The ANC has failed to turn around state-owned enterprises because these are pots of gold for its supporters: the unions and its senior cadres, who have found easy access to key management posts, jobs and contracts. As a result of a combination of ideology and political opportunism, the ANC is now hamstrung in any efforts to turn them around, all while the economy suffers.

There is no real reason why the state should control “strategic sectors of the economy” if the private sector can run them. Back in the 1990s, much of the rest of the world sold off state assets, as it was clear that an incentivised private sector could run these far better. The effectiveness has been proven in much of Europe and in Eastern Europe, where many of the former centrally-planned economies have thrived.

Promises by the ANC to deal with problems at state enterprises have consistently failed. Nearly two years ago, the ANC said it intended to conduct a study to determine the state of Eskom stations and would then concession them off for private contractors to run. But nothing has happened. Even though private generation is growing fast, we still need the large coal power stations.

BEE is another economic drag. It is a deterrent to investor interest, as any mid-sized firm must comply with empowerment regulations. And all firms reliant on state business or in certain sectors are obliged to follow BEE requirements. Some firms have a policy of not giving away equity stakes and want freedom to choose their own suppliers.

Starlink, the satellite internet service that Elon Musk owns through SpaceX, has been rolled out in eight African countries, but not South Africa. As a telecommunications provider, SpaceX would have to find an empowerment partner to operate in South Africa. The signs are that it refuses to do business that way. That is a loss for the growth of the sector and the country, and for the poor in remote areas. Greater competition among network operators could mean that data prices would fall.

Then there is the issue of having to purchase from empowered suppliers. Rather than buying directly from an original equipment manufacturer, firms are obliged to make their purchases through an empowerment middleman. That often drives up the price of the goods that are supplied, as an extra layer is introduced.

As the Free Market Foundation has pointed out, black economic empowerment is really a misnomer, it is more about the enrichment of a small elite who have access to government contracts. While criticism of empowerment is viewed by the ANC as an attack on transformation, it is only a small section of the population who have benefited. That is hardly a transformation. Faster economic growth and quality education are the largest drivers to enable transformation.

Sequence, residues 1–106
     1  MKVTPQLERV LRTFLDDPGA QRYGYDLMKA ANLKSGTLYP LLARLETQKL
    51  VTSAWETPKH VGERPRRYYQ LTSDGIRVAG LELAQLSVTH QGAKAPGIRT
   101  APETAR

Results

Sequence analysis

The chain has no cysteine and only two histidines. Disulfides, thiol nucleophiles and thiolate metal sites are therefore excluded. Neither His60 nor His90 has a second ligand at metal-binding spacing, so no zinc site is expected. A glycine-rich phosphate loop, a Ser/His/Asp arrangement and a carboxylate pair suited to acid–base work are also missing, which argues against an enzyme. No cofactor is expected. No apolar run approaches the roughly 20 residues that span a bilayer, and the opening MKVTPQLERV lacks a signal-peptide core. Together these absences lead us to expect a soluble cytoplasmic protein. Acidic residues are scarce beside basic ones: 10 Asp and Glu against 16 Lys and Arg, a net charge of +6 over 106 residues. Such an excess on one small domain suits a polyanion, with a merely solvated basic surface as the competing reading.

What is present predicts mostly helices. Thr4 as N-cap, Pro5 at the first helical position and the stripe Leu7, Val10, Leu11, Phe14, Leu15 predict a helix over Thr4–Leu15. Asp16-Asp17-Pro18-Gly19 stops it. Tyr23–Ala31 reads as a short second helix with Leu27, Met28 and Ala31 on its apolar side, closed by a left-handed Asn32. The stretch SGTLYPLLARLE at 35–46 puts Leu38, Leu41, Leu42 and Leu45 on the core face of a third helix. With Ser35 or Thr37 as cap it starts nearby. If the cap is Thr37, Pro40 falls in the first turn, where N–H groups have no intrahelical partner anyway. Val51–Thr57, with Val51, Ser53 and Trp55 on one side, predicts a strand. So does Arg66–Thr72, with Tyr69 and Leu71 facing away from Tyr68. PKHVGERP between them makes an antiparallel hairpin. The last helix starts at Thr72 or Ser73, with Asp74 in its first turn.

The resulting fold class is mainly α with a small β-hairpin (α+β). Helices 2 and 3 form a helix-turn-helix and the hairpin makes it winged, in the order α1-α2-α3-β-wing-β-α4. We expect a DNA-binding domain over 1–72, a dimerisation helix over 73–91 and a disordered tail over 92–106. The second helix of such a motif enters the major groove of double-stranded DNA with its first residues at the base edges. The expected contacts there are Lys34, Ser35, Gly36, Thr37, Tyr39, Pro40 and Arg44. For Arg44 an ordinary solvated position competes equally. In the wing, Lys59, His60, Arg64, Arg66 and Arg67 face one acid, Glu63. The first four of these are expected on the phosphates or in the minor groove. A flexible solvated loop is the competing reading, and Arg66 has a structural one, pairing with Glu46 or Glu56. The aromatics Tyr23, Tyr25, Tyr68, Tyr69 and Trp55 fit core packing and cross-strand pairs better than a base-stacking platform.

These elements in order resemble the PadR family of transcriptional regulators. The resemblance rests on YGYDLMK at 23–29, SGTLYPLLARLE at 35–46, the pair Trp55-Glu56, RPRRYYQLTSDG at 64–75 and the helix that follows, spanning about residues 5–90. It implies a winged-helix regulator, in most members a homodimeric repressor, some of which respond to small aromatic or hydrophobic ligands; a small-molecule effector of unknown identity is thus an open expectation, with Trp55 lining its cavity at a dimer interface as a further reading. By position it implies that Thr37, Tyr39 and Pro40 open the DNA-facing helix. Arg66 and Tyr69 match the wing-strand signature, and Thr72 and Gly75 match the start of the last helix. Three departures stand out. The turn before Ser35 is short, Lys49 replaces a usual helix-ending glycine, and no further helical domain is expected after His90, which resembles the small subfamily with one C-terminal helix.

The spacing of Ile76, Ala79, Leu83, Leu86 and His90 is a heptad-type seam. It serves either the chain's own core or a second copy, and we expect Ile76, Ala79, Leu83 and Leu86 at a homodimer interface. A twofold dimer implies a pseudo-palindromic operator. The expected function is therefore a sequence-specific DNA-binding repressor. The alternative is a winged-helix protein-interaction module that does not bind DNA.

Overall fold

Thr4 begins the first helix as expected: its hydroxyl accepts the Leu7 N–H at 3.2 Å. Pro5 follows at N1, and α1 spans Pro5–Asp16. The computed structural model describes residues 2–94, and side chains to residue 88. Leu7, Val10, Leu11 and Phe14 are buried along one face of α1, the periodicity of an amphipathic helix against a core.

There are other key issues, which should form the new dividing line in South African politics. Government departments are insufficiently accountable for their standards of service. Excessive demands for form-filling and regulation are a problem. The MPC should be calling for a revamp of government and regulation.

Labour regulations and bargaining councils, which in effect allow wages to be set at the level that large firms can pay, all work against job creation.

If Jardine wants to be parachuted into the MPC as leader, he should support privatisation and an end to BEE. A big test for him is whether or not he wants to end BEE, having taken the leap from cadre deployment in government to becoming the Chair of one of the country’s largest financial groups.

These issues are about taking on vested interests and are the terrain on which the future of the country will be fought, if we are to recover from ANC misrule.

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Jonathan Katzenellenbogen is a Johannesburg-based freelance financial journalist. 

This article was first published by Daily Friend and is republished with permission